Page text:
Related Characters: The Narrator (speaker), John
Page Number: 173
Explanation and Analysis:

In this quote, the narrator describes another desperate attempt on her part to communicate to her husband how unendurable this "rest cure" really is—but John promptly refuses her request to leave the house and visit their family elsewhere. As the male head of the household, and the physician in charge of the narrator's treatment, John's word is final, and the narrator is powerless to resist. This powerlessness no doubt contributes to her tearful sense of despair, but the tears that she cries as she attempts to convince her husband to listen to her only further discredit her in his eyes, since they signal her status as a fragile, fanciful, emotional woman. The misunderstanding between the narrator and John deepens further, even as she recognizes that he loves her dearly (or thinks he does, at least). He is still fundamentally unable to see that this stifling rest cure is what is causing, or at least worsening, her mental illness.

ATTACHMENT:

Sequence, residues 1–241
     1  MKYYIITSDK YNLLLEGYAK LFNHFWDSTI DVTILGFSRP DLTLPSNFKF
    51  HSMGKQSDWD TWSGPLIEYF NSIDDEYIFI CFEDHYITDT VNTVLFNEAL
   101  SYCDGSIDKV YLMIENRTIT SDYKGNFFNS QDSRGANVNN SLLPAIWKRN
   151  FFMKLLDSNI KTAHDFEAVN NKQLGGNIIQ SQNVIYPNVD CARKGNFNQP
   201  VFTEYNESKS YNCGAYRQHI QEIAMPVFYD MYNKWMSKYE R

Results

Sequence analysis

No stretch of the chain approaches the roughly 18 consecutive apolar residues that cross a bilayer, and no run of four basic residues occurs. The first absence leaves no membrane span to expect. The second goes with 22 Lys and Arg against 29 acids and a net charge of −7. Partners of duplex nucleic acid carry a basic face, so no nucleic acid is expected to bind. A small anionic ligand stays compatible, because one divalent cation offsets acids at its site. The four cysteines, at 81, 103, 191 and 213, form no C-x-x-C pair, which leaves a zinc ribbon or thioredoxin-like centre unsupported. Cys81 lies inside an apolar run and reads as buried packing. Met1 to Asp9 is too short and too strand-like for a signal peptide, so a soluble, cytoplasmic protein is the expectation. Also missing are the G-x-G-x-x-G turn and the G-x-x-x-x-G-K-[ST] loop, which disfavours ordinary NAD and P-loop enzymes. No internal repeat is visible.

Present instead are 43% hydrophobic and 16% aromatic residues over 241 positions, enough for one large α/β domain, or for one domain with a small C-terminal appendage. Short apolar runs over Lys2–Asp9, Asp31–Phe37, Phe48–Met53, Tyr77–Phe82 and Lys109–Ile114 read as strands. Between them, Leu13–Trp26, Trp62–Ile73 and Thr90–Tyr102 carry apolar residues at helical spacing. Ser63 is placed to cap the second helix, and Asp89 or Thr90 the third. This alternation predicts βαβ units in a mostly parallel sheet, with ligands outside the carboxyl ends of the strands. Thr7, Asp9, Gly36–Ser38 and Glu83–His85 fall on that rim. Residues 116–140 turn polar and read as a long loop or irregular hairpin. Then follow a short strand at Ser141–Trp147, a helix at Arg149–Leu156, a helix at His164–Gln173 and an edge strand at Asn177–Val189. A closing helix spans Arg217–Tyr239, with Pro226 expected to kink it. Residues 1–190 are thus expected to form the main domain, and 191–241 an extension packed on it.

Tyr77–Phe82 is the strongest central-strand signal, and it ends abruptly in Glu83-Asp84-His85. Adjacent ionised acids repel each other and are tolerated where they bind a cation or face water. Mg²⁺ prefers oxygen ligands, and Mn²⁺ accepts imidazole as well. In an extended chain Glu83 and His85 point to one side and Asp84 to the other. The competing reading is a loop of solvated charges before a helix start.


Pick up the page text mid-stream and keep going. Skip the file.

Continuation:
Fifth Entry Quotes

Of course if you were in any danger, I could and would, but you really are better, dear, whether you can see it or not. I am a doctor, dear, and I know. You are gaining flesh and color, your appetite is better, I feel really much easier about you.

Related Characters: John (speaker), The Narrator
Page Number: 174
Explanation and Analysis: